Date
24 January 2017
A member of the Iraqi security forces fires artillery during clashes with Islamic State militants near Fallujah on Sunday. Photo: Reuters
A member of the Iraqi security forces fires artillery during clashes with Islamic State militants near Fallujah on Sunday. Photo: Reuters

Iraqi forces begin ground assault on Fallujah

Iraqi special forces advanced to the edge of Fallujah on Monday but struggled to enter the city, where Islamic State extremists were said to be amassing civilians to serve as human shields, Reuters reports.

The offensive against Fallujah, Islamic State’s second-biggest urban stronghold in Iraq after Mosul, aims to dislodge the Sunni extremists from the Iraqi city they have occupied the longest.

If successful, it could significantly weaken them ahead of an advance on much-larger Mosul, long planned by the government and the US-led coalition supporting its fight against Islamic State.

The Fallujah operation, led so far by Shiite militias and army and police forces, has almost completely cleared the city’s perimeter of Islamic State fighters since it was launched a week ago.

But the next, crucial stage of that operation, led by Iraq’s US-trained counterterrorism forces, got off to a fitful start Monday.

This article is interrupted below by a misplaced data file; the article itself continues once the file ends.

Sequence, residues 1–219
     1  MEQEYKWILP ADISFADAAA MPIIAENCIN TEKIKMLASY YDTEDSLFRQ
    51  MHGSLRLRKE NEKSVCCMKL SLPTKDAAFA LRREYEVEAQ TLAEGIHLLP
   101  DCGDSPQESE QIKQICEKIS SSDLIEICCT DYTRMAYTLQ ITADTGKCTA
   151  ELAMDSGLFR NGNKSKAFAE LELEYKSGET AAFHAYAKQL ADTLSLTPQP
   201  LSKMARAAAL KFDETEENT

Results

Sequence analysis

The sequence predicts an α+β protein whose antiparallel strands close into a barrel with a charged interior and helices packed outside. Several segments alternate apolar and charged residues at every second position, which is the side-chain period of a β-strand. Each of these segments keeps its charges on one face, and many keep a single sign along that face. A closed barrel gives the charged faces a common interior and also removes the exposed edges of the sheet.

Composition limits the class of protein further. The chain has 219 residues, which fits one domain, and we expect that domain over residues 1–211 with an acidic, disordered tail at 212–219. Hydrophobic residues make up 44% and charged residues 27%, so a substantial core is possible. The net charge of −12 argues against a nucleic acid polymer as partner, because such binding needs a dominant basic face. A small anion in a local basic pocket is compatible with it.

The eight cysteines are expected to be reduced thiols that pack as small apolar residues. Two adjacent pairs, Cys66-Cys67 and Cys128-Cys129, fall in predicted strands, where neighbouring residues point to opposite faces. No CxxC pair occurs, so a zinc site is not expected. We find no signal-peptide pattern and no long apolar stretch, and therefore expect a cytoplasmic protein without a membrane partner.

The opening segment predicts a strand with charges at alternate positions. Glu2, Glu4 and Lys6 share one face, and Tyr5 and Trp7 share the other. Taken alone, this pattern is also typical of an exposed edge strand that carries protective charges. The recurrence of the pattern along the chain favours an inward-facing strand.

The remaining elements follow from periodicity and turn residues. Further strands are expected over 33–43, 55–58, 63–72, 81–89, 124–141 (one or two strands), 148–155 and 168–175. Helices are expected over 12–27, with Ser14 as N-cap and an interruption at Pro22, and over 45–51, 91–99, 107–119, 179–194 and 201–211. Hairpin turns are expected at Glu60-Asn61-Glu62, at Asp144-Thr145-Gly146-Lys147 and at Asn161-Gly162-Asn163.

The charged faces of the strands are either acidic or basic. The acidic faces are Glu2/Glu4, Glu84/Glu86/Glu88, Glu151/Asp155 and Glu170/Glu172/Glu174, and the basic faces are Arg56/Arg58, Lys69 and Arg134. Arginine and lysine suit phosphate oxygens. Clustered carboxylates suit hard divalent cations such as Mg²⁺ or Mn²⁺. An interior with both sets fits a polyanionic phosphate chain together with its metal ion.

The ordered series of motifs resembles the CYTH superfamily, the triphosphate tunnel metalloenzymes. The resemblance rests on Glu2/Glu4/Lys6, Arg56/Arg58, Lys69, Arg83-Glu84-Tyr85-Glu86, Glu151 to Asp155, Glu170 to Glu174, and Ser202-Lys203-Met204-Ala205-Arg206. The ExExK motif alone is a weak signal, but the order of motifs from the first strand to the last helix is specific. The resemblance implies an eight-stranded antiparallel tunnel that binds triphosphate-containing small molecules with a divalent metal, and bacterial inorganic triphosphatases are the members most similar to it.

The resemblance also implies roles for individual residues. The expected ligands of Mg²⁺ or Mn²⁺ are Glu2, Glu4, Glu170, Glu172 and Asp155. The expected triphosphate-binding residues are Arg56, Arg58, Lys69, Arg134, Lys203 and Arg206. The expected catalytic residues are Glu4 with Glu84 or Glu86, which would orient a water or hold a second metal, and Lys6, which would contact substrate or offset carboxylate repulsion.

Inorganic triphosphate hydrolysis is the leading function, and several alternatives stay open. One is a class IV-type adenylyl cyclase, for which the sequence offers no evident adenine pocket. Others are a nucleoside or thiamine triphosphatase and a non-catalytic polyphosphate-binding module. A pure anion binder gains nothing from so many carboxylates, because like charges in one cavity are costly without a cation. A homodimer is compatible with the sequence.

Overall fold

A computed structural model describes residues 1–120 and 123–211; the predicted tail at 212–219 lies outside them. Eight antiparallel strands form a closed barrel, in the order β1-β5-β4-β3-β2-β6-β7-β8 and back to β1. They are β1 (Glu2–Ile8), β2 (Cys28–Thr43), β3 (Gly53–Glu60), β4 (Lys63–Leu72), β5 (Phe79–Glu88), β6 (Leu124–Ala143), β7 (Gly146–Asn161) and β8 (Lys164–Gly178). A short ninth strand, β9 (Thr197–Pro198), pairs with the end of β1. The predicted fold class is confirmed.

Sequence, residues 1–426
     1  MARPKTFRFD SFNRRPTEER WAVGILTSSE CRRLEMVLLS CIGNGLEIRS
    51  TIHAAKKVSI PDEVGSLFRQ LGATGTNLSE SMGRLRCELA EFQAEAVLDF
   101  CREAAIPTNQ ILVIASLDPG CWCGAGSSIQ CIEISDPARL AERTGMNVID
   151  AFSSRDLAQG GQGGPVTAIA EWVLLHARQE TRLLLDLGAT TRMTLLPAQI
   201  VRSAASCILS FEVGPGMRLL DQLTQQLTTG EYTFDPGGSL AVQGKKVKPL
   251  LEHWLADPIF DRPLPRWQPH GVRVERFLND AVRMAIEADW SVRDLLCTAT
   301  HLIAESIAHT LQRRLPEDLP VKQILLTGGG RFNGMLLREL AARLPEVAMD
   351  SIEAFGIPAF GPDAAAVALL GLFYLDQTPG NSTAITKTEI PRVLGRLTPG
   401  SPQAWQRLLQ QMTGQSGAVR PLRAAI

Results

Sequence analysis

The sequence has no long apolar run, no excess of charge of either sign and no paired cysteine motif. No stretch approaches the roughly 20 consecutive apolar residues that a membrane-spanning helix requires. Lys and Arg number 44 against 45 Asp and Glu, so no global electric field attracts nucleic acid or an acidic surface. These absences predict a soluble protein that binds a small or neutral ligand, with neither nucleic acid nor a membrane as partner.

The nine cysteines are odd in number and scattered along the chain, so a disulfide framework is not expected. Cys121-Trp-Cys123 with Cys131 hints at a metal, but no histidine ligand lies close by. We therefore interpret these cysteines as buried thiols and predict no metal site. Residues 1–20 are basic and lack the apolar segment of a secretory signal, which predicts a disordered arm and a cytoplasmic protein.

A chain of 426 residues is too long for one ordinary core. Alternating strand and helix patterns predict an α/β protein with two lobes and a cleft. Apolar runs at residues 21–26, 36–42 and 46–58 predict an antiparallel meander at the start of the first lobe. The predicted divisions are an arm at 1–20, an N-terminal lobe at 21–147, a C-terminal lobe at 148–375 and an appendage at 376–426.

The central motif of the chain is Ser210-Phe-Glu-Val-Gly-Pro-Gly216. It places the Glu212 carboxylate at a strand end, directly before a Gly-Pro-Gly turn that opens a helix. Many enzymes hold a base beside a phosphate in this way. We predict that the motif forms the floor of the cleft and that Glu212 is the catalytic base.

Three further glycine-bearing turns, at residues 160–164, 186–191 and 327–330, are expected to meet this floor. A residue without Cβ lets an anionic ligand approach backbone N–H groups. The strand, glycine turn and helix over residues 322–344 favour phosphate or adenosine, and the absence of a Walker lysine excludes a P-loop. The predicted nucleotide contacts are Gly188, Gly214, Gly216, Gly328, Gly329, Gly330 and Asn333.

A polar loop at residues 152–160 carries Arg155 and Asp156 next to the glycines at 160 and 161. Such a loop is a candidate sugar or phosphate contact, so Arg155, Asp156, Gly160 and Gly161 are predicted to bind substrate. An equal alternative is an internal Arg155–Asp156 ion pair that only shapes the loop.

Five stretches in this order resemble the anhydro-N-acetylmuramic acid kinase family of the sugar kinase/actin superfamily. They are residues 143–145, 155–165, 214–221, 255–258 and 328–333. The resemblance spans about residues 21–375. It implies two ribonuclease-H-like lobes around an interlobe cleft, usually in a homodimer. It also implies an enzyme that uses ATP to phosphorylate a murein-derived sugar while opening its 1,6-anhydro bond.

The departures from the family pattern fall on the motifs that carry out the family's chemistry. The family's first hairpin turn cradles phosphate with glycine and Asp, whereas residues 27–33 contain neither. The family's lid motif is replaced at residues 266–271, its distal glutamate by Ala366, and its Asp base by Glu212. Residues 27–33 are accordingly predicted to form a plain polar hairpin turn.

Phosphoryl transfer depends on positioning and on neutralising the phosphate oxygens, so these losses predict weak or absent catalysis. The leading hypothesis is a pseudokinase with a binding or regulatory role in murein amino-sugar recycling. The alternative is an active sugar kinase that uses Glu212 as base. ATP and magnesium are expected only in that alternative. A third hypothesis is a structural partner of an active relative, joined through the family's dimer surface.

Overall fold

“We are at the entrance of the city, but not inside yet,” Lt. Gen. Abdelwahab al-Saadi, commander of the Fallujah operation, said by telephone.

“They are resisting.”

“We assess that the forces are near the city limits,” said Col. Steve Warren, spokesman for the US-led coalition in the fight against Islamic State.

Fallujah is an almost exclusively Sunni city in the desert province of Anbar—the vast heartland of Iraq’s Sunni minority—and the battle to retake it is particularly significant for Iraq’s fight against Islamic State.

More than a decade ago, Fallujah was a base for al Qaeda in Iraq, the insurgent group that developed into Islamic State.

Islamic State faced little resistance when it swept into the city in January 2014, even before it stormed the country’s north and took the city of Mosul, laying claim to a so-called caliphate across Iraq and Syria.

Winning Fallujah could boost Prime Minister Haider al-Abadi, who has faced political upheaval in recent months as street protesters demanded changes that lawmakers are too deadlocked to make.

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RA/CG

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